Bonds can be safer investments, but even these carry some risk. If a company issuing the bond goes bankrupt, for example, it may either default on the bonds it has issued or try to buy them back at face value, which cancels the bond altogether after paying off the principal.
There are corporate bonds not backed by the government, which may carry higher yields and elevated risks. States, cities, counties and local governments often issue municipal bonds for schools, highways, and other projects.
Related: Military Retirement Pay Explained
High-Yield Savings Accounts, Cash Management Accounts
Some view these savings accounts as investments. Whether or not that is true, at least some who use these accounts are attracted to the higher rates of return compared to a traditional savings or checking account.
Some sources describe cash management accounts as “a savings account-checking account hybrid,” paying interest rates similar to a savings account but with the ability to write checks or use a debit card with the account.
Investopedia describes Mutual Funds as a type of investing where many investors have their funds pooled and managed by a third party. “The professional manager for the fund invests the money in different types of assets including stocks, bonds, commodities, and even real estate.”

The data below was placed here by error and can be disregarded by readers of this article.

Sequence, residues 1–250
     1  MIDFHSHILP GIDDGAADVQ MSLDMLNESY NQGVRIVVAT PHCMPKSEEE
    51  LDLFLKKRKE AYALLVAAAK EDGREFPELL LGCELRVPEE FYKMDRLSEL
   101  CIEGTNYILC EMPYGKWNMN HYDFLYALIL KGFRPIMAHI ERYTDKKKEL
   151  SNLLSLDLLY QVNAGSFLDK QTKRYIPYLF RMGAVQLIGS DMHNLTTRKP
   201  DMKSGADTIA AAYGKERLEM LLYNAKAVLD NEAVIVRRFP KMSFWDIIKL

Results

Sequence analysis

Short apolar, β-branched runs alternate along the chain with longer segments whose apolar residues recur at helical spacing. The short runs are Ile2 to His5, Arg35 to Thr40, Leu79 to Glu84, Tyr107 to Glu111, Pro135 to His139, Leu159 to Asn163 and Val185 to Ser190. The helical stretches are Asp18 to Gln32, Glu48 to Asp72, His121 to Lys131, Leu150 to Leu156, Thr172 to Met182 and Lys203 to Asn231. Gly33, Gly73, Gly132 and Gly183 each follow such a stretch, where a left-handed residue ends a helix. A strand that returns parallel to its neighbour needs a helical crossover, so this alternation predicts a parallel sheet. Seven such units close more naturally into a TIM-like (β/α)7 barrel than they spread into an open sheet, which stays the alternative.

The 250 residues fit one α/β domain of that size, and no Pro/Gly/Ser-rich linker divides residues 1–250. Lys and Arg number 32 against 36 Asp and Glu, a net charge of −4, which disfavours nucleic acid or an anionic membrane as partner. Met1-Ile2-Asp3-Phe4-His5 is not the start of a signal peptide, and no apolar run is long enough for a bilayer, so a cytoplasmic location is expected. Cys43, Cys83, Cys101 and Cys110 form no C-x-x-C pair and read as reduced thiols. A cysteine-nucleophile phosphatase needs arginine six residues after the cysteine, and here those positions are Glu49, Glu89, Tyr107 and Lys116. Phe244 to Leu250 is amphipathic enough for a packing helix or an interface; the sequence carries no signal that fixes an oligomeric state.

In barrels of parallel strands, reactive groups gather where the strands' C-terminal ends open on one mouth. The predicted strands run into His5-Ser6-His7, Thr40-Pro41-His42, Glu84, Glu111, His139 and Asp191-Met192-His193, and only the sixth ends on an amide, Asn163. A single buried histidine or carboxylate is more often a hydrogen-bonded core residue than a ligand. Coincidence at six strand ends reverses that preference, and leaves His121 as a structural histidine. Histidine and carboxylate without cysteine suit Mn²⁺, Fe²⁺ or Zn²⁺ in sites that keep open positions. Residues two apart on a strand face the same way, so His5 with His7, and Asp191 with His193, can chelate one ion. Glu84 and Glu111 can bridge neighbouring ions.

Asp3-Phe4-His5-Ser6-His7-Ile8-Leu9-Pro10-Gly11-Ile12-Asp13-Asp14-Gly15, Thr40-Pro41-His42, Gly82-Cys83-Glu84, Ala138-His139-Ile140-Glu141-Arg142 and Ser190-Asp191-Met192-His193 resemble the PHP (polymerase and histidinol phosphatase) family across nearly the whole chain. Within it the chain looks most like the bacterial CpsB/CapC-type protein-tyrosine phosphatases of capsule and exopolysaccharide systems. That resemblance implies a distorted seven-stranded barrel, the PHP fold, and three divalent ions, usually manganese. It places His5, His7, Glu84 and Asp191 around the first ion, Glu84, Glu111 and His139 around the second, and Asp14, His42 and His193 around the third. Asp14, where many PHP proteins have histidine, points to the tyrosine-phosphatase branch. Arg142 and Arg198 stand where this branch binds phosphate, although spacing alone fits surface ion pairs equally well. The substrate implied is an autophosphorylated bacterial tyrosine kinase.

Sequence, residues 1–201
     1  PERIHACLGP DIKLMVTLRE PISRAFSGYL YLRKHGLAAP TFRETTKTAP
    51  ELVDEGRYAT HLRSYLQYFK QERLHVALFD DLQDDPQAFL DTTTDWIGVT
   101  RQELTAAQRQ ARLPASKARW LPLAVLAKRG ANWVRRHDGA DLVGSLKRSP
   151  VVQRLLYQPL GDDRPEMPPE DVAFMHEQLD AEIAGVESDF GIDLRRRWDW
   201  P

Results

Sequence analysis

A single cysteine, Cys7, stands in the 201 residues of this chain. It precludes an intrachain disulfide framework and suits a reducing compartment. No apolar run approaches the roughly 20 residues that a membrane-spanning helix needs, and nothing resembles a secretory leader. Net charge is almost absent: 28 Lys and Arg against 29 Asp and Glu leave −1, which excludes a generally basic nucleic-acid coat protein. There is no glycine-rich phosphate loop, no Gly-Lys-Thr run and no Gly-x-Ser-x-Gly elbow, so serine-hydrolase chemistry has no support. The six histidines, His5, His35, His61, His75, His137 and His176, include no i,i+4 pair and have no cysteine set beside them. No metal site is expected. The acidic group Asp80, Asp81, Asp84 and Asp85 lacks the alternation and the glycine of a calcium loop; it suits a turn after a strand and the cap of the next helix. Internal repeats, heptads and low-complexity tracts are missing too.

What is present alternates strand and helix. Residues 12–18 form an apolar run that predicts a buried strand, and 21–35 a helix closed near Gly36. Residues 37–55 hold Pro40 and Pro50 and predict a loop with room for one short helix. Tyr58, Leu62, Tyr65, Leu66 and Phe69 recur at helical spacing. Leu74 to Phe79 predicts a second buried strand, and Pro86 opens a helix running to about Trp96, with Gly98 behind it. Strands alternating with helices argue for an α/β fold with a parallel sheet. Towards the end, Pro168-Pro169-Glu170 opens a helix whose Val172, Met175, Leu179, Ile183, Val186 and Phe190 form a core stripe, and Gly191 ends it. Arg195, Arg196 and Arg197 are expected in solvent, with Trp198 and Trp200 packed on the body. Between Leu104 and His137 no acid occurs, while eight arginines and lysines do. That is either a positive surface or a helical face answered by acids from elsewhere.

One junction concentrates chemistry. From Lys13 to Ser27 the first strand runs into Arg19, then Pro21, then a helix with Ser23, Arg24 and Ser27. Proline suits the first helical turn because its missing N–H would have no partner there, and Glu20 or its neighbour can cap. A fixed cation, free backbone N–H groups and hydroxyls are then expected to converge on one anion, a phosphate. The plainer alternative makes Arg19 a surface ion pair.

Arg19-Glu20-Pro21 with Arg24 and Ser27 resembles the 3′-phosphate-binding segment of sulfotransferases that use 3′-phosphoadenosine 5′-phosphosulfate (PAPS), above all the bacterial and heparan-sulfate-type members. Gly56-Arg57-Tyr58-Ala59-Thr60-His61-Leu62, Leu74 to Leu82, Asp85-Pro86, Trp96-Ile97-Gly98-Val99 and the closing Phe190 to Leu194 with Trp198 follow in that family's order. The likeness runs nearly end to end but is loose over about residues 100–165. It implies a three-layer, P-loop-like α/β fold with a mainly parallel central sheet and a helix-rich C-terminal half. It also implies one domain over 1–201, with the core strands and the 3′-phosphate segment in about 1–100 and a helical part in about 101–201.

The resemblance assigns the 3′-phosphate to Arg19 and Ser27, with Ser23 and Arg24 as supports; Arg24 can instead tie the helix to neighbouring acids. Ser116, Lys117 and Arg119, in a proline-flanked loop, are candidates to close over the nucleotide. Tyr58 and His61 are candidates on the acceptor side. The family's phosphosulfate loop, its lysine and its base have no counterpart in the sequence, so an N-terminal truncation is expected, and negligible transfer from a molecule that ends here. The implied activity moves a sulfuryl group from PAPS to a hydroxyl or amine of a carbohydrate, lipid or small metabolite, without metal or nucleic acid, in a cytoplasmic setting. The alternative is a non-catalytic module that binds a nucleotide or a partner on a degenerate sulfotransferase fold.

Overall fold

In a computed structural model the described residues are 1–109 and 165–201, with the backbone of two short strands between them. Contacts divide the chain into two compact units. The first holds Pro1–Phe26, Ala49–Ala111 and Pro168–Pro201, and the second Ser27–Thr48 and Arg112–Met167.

When you invest in a mutual fund, you buy shares which “represent an ownership interest in a portion of the assets owned by the fund.”
Mutual funds are considered a more conservative option (depending on the fund, some funds take more risks than others) because they are not meant to be traded often and the fees for doing so may discourage you from making changes to your fund often.
Exchange-Traded Funds (ETFs)
The Office of Financial Readiness describes ETFs as similar to mutual funds in some ways; ETFs let investors “pool their money when investing in stocks, bonds or other assets.”